Angry Youth Comix by Johnny Ryan

Comics Reviews
Angry Youth Comix by Johnny Ryan

Writer: Johnny Ryan
Artist: Johnny Ryan
Publisher: Fantagraphics
Release Date: April 5, 2015

The following page samples are intended for a mature audience

Bound to resemble a beautifully crafted, gold-accented volume of classic literature, this compilation of Johnny Ryan’s Angry Youth Comix features decorative scrollwork that reveals plenty of dicks, boobs and butts that emit fart clouds when examined more closely. That design, which is both a thumb in the eye and a loving testament to the scatology within, could only have been improved by gilding the edges of the pages. You could almost display this book on your coffee table, depending on the age and curiosity level of your children. Then again, maybe not.


Crudity is easy to do poorly, and very hard to do well. But even as listless characters like Loady McGee, Boobs Pooter and others murder, defile, sexually assault and defame their fellow man in these 14 issues, there’s a weird good-humoredness at work. These comics are disgusting and proudly so, but Ryan’s glee in the material shines through. The author appreciates a well-constructed joke and has a clear weakness for wordplay (consider a long set-up about “Retarded Hitler” that finishes with the parody ranting about how much he hates “juice”). Puns as a specific genre of humor are usually associated with middle-school science teachers than with severe misanthropy; Ryan’s enjoyment of the form suggests he’s merely exercising his id with limitless revelry.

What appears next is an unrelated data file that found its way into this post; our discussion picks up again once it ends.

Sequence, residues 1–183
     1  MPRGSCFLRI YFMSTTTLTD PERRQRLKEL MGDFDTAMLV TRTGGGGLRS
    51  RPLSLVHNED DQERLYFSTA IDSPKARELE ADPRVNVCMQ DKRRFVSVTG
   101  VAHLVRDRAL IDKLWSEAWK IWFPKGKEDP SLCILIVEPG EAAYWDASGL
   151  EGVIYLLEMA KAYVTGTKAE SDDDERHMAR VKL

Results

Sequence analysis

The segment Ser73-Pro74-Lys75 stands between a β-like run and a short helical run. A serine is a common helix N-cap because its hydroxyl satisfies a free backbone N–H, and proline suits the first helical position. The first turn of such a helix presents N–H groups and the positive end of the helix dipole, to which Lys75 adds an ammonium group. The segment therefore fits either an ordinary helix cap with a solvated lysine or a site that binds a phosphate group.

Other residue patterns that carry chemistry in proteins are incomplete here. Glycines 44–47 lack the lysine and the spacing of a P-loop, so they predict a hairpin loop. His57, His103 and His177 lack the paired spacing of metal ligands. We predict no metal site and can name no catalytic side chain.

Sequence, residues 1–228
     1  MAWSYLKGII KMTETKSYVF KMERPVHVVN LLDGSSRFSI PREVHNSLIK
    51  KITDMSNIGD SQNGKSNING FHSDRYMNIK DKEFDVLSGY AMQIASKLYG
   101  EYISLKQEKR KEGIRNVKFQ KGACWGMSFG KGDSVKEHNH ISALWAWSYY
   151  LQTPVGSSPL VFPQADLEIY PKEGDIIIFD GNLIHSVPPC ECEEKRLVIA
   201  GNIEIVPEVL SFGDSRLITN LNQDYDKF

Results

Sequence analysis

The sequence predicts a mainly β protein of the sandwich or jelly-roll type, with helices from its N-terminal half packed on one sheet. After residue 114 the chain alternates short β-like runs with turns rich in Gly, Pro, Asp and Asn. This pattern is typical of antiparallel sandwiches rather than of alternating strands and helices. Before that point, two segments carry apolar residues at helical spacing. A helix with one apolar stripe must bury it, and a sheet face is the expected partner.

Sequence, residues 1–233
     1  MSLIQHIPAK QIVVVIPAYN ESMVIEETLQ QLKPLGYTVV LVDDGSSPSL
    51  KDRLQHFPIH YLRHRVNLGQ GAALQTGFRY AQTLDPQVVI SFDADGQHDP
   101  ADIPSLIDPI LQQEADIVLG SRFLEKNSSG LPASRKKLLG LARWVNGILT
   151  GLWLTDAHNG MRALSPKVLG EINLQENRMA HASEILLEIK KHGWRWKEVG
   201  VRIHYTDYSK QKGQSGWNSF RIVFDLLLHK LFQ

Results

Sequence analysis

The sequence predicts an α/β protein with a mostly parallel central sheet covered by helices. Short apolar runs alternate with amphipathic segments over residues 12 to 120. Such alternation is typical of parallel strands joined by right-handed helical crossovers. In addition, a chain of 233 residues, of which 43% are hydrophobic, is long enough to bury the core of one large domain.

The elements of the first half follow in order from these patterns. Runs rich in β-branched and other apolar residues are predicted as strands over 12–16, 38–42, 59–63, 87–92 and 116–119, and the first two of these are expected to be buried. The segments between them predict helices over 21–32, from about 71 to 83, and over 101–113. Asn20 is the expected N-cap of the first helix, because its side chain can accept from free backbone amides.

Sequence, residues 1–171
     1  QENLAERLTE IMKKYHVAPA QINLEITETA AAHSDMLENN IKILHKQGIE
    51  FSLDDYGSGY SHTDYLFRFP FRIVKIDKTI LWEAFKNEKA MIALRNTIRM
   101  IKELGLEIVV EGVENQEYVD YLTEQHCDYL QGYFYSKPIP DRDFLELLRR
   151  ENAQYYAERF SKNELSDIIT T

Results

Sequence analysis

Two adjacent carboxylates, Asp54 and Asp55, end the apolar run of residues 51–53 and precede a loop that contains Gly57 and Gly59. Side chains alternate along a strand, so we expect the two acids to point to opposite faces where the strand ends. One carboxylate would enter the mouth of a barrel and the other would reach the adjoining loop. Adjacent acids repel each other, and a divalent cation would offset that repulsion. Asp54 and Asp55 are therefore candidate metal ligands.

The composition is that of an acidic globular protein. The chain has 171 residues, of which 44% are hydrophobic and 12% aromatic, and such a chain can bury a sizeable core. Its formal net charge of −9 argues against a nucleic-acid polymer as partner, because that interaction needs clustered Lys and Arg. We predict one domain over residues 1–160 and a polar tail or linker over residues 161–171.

The longer stories counterintuitively have more detailed panels where throwaway jokes abound, a la MAD Magazine, with simple grids dominating the structure. Ryan also smartly works in black and white, enabling him to get away with far more graphic material. His parodies of better-known indie cartoonists (Seth, Charles Burns, Craig Thompson) are particularly sharp and speedily conveyed through a style that quickly brings to mind the originals while “cartooning” them up mightily. (The one page “Brown Hole” parody with its unprintable lines is a favorite.)


Readers can’t be blamed for deciding Ryan’s oeuvre is not for them, but his suggestion that our moral compasses are easily diverted by self-interest and appetite is accurate. It’s also easy to find oneself guiltily giggling page after page after page when lost in Angry Youth Comix.



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